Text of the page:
Finally, Google (NASDAQ—GOOG) breached $1,000 price per share last week. For those investors that believe the stock can go much higher, it needs to jump $200 for a 20% gain. At current levels, it trades around 19x FY14 EPS versus say Apple (NASDAQ—AAPL) which trades at $500, or 11.8x FY14 EPS.
Look, we think Google kicks butt and Apple is in a bit more of a questionable position, but aren’t there other plays that could provide better returns than something trading for $1,000 per share? Growth is slowing to 10% year-over-year for Google so that 19x multiple seems like it will reach that price/valuation ceiling very soon, despite the fact that it has $170 per share in cash. The bottom line is that even with a 31% return on the Russell, there are a boatload of better plays than Google, from the potential valuation/reward perspective. Thus, small caps still are a compelling place to be.
Looking ahead, we believe that tech and energy may be the top two performing sectors. If the fallout of the government shutdown appears to not have a materially negative effect longer term, than the usual year-end consumer stock run-up could occur in earnest for the balance of the year. We will not have sense of this for a couple of weeks yet, however. As a result, we would be cautious in this sector for the near-term. Sluggish consumer spending may not derail the market’s increase but it could temper the magnitude of the rise.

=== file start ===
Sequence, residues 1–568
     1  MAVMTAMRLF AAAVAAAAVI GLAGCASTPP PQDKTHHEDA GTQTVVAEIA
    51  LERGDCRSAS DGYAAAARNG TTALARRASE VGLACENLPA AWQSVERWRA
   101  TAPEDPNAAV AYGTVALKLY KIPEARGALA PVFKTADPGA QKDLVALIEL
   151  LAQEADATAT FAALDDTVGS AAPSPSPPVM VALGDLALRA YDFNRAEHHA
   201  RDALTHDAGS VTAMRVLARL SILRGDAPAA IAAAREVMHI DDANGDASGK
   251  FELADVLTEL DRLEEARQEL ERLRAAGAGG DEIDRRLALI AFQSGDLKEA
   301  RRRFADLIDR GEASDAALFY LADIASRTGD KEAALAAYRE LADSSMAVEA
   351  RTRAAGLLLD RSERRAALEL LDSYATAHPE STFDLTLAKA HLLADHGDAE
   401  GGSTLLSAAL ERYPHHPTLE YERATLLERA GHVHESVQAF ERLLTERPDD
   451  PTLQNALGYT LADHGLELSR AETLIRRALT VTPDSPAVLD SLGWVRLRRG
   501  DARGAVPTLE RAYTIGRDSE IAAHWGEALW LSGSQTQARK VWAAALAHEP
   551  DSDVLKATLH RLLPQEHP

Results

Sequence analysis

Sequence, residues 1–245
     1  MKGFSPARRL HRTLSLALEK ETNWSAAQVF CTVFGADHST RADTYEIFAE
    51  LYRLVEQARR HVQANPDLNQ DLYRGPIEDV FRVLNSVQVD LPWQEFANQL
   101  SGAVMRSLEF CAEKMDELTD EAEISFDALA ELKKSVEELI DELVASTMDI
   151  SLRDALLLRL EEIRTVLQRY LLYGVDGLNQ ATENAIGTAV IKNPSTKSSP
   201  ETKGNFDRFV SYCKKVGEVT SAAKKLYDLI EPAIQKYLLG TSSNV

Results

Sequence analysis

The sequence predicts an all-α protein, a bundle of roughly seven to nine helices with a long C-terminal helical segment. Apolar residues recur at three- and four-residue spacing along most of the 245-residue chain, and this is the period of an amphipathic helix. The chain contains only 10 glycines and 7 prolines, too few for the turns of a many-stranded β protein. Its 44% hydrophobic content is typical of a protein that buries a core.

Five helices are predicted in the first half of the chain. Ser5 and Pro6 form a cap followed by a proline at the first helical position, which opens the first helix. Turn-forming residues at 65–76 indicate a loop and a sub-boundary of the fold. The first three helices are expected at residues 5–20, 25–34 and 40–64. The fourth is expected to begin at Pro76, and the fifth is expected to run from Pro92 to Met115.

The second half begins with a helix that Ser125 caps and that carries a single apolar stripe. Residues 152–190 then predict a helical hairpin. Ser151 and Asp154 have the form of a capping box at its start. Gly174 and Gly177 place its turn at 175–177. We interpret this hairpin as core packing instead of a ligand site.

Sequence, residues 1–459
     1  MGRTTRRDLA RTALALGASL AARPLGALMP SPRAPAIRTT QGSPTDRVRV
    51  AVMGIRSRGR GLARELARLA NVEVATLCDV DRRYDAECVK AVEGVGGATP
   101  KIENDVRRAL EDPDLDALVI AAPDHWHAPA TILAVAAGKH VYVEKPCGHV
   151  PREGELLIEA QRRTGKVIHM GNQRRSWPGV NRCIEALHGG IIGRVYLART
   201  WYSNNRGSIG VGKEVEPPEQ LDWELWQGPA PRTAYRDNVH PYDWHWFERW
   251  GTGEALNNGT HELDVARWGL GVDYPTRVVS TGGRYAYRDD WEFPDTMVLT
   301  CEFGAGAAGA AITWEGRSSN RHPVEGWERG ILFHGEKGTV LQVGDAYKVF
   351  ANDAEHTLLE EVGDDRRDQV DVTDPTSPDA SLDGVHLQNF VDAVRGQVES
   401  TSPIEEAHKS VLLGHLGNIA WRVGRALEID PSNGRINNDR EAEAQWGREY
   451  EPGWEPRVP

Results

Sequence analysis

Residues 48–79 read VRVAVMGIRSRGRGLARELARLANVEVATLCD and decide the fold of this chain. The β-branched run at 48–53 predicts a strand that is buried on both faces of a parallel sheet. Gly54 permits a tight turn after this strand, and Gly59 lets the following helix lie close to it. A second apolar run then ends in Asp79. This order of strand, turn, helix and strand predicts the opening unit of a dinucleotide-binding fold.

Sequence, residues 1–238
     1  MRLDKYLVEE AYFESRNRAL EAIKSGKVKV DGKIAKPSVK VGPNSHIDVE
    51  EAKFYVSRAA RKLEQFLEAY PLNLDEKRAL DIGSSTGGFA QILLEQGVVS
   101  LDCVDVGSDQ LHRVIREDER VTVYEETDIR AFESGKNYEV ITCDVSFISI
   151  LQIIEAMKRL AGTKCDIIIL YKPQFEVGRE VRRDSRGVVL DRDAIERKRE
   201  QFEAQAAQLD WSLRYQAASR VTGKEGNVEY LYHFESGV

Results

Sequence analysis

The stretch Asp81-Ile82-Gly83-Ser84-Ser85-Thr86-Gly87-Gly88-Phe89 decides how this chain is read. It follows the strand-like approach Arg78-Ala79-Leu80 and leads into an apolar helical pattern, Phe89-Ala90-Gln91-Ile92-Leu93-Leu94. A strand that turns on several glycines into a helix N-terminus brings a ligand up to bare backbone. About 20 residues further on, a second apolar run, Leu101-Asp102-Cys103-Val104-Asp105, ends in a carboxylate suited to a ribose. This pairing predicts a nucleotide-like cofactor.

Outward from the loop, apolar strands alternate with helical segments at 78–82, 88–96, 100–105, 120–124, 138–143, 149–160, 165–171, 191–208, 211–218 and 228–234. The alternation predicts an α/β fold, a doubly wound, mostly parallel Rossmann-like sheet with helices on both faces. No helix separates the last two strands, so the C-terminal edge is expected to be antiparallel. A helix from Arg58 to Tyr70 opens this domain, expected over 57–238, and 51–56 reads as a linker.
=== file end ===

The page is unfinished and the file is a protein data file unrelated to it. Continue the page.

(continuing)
Sports fans may have caught news of a sports exchange last week. In our view, it is a really cool idea but it remains to be seen how it is perceived by the investing public. Fantax Holdings, Inc. (https://fantex.com/) has developed a new marketplace where individuals can buy ‘shares’ of elite athletes. The stock issued by the Company is a tracking stock that is linked to the economic performance and overall worth of an individual professional athlete brand where money is earned from contracts, endorsements and appearance fees. The stock is fully registered and filed with the SEC and the first deal has been struck.